We did get the client to come off 0-RPO to a more reasonable 15 minutes and
client doens't want to shell out a lot of money for this as they want to be
off Oracle in the next year. We'll see how that goes.
The bigger problem is there is no single system of record - they don't have
a way currently to replay any missed transactions and they use postgres and
mysql that could all have different versions of the data depending on where
the transactions are when a major outage occurs.
On Mon, Sep 26, 2022 at 7:57 AM <niall.litchfield@xxxxxxxxx> wrote:
The first question I'd ask is how near is near? What's the business driver
for "near"? That will help answer my second question which is essentially,
how much are you prepared to pay?
On Fri, Sep 23, 2022 at 6:56 PM Chris Taylor <
Right for guaranteed 0 Data Loss it would have to be Max Protection -
because you've got transfer latencies every where else.
I don't think they'd swallow the standby going down is going to bring
The AWS snapshot copy and replication honestly looks like a better tool
for "near" 0 than other dataguard options *if* Amazon can replicate those
snapshots very fast at the storage level.
As only the changes are applied that have occurred on disk (which will
include online logs that are changing).
Problem is, of course, I don't know how fast that transfer *can occur
regions _and_ I'm not clear on how often I can schedule the snapshots -
every minute, or less? Or every 5 minutes or more? Some black holes there.
Its a very similar idea to the way we used to use SAN replication between
data centers where any data center had the volumes ready to be mounted if
the primary went down.
No licensing fees because Oracle isn't installed on any of the remote
machines until the volume is mounted , at that point Oracle is there and
I loved those setups.
On Fri, Sep 23, 2022 at 12:50 PM Tim Gorman <tim.evdbt@xxxxxxxxx> wrote:
Whether you're on-prem or in cloud...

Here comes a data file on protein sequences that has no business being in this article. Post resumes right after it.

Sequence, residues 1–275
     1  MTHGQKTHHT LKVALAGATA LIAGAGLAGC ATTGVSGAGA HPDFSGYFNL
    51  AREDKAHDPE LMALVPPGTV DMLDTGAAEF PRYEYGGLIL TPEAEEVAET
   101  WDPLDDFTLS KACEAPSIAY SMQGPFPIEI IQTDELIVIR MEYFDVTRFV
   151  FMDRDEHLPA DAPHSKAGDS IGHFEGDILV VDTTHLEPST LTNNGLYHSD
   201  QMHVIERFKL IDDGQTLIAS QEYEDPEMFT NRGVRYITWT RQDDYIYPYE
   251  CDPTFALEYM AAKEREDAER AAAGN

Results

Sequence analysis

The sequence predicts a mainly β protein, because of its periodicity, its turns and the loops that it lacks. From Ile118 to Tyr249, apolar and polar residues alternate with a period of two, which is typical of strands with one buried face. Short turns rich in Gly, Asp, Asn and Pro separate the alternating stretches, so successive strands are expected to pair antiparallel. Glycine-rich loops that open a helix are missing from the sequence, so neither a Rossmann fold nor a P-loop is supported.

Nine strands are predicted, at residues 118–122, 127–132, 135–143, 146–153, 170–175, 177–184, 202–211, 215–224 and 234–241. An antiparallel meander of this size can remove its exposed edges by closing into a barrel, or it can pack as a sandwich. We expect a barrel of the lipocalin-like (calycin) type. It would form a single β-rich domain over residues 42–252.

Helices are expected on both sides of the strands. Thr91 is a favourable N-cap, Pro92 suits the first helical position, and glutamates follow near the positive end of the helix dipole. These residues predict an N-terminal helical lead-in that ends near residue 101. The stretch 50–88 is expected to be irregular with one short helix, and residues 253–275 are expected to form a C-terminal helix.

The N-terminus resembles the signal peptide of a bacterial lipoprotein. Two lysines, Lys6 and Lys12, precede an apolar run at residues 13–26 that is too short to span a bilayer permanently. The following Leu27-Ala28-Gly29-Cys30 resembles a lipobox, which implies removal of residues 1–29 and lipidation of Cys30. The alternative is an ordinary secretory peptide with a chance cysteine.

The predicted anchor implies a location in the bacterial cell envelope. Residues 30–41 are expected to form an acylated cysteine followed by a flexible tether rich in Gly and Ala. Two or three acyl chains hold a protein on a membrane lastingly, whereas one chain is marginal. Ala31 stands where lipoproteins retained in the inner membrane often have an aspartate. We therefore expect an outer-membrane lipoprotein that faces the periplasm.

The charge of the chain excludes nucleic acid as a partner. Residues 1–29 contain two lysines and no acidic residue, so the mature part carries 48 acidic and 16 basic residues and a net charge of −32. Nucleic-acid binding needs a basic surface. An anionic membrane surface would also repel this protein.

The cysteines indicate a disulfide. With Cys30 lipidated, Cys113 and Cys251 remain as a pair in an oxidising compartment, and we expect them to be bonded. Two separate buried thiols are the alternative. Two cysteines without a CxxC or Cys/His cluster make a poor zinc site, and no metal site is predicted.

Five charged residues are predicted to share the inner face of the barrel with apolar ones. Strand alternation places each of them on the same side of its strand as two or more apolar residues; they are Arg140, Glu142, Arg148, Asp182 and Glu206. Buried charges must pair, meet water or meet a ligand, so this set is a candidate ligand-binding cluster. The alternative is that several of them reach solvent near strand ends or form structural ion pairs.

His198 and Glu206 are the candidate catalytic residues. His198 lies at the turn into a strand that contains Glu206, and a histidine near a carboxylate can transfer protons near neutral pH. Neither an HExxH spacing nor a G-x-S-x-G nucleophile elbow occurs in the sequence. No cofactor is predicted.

- RAC, RAC one-node, and OS-level HA clusters (i.e.
Pacemaker/Corosync, etc) provide protection only to the *database *
*service*, not to the *data* in the database
- RPO isn't a factor with service protection, as RPO is a
characteristic of *data protection*
- Restore/recovery from database backups can not guarantee RPO lower
than the initialization parameter setting for ARCHIVE_LAG_TARGET
- ...and there are many reasons to consider RPO to be at least
twice the ARCHIVE_LAG_TARGET value as well...
- Data replication utilities like GoldenGate, SharePlex, etc
cannot guarantee RPO=0 due to all the queuing and forwarding necessary
- "*eventual consistency*" also implies that "*eventual*" could
turn out to be "*never*"
The only Oracle mechanism which guarantees RPO=0 is DataGuard using MAX
PROTECTION mode, while DataGuard in MAX AVAILABILITY mode comes in with a
Even the Zero Data Loss Recovery Appliance (ZDLRA) essentially employs
the same mechanisms used by DataGuard MAX PROTECTION mode.
Please let me know what you think?
On 9/23/2022 3:51 AM, Chris Taylor wrote:
Hey guys, recently started working at a new company that's moving their
Oracle database to AWS.
One of the things they want is a near-0 RPO.
I was looking into AWS snapshot and replication to accomplish this which
seems pretty doable.
Either in the same region or into another region in case the region was
So I'm looking for two things:
1.) Other options? Active-Passive setup in 2 different regions? (Like
Failover but non-RAC)
2.) Anyone using AWS and snapshot copies & replication for Oracle in AWS?